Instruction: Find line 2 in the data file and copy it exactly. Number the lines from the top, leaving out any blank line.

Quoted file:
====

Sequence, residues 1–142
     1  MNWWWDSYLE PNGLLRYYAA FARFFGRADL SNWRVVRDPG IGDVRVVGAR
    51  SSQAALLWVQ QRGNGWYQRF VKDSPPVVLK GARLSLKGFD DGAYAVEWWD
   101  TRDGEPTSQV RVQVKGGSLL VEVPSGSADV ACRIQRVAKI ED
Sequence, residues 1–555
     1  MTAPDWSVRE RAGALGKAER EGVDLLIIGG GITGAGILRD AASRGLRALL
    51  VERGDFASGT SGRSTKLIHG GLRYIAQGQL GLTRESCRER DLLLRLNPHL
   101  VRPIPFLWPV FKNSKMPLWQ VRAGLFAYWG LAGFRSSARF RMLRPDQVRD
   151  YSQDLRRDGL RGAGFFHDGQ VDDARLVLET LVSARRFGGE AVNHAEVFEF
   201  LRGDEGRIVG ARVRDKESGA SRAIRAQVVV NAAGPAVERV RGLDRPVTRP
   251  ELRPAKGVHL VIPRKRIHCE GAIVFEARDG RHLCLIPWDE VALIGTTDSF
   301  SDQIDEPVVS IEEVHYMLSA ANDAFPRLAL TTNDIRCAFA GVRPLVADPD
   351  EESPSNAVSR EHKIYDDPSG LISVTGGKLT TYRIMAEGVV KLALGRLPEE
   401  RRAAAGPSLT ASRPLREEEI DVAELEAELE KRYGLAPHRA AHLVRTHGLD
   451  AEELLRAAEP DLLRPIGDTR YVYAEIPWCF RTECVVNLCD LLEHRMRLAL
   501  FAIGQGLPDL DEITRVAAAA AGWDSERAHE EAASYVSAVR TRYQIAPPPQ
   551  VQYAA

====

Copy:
     1  MNWWWDSYLE PNGLLRYYAA FARFFGRADL SNWRVVRDPG IGDVRVVGAR